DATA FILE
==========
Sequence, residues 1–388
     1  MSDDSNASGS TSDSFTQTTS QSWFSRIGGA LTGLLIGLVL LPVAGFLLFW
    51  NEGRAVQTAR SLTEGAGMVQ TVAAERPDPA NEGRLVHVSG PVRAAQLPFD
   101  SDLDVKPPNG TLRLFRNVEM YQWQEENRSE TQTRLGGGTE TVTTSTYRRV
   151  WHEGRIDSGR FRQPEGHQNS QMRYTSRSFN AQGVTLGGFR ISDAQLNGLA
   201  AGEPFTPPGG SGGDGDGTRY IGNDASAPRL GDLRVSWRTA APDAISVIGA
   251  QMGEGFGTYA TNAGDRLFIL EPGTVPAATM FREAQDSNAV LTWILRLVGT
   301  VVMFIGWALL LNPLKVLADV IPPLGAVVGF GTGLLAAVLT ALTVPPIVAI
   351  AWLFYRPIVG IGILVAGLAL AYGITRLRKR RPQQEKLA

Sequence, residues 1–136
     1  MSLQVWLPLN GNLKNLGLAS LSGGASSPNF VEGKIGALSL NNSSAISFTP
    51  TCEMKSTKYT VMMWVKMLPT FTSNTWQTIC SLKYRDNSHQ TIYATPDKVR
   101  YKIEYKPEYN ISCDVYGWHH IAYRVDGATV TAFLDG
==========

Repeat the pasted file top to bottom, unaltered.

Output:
Sequence, residues 1–388
     1  MSDDSNASGS TSDSFTQTTS QSWFSRIGGA LTGLLIGLVL LPVAGFLLFW
    51  NEGRAVQTAR SLTEGAGMVQ TVAAERPDPA NEGRLVHVSG PVRAAQLPFD
   101  SDLDVKPPNG TLRLFRNVEM YQWQEENRSE TQTRLGGGTE TVTTSTYRRV
   151  WHEGRIDSGR FRQPEGHQNS QMRYTSRSFN AQGVTLGGFR ISDAQLNGLA
   201  AGEPFTPPGG SGGDGDGTRY IGNDASAPRL GDLRVSWRTA APDAISVIGA
   251  QMGEGFGTYA TNAGDRLFIL EPGTVPAATM FREAQDSNAV LTWILRLVGT
   301  VVMFIGWALL LNPLKVLADV IPPLGAVVGF GTGLLAAVLT ALTVPPIVAI
   351  AWLFYRPIVG IGILVAGLAL AYGITRLRKR RPQQEKLA

Sequence, residues 1–136
     1  MSLQVWLPLN GNLKNLGLAS LSGGASSPNF VEGKIGALSL NNSSAISFTP
    51  TCEMKSTKYT VMMWVKMLPT FTSNTWQTIC SLKYRDNSHQ TIYATPDKVR
   101  YKIEYKPEYN ISCDVYGWHH IAYRVDGATV TAFLDG